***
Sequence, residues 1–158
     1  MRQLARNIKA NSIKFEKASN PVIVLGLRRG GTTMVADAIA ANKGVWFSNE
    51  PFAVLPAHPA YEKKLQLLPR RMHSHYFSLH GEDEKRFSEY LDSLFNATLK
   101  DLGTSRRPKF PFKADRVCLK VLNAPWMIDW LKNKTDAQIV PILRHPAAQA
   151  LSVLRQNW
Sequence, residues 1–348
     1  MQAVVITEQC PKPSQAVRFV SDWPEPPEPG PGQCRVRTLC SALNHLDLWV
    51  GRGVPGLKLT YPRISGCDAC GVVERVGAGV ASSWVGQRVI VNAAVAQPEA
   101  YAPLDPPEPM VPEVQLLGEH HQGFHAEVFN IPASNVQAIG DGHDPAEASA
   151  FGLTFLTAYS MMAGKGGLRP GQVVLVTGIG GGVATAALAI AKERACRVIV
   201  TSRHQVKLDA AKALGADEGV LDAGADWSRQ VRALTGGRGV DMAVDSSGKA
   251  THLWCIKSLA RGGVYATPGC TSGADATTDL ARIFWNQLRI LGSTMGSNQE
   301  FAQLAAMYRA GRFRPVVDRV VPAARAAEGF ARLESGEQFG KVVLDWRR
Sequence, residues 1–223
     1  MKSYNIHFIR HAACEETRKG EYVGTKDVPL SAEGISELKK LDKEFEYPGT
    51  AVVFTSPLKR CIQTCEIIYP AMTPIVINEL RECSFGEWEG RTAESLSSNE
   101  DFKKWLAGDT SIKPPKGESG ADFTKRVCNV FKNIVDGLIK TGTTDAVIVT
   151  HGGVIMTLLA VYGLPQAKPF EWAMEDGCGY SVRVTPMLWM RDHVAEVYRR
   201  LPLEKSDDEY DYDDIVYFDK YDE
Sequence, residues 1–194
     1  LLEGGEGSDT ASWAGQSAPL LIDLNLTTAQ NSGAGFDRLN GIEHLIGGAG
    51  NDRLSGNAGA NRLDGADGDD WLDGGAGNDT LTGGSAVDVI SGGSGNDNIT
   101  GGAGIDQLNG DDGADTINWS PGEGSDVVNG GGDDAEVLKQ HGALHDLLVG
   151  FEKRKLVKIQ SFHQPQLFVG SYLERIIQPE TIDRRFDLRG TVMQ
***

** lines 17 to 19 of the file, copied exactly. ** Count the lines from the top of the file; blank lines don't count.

   101  DFKKWLAGDT SIKPPKGESG ADFTKRVCNV FKNIVDGLIK TGTTDAVIVT
   151  HGGVIMTLLA VYGLPQAKPF EWAMEDGCGY SVRVTPMLWM RDHVAEVYRR
   201  LPLEKSDDEY DYDDIVYFDK YDE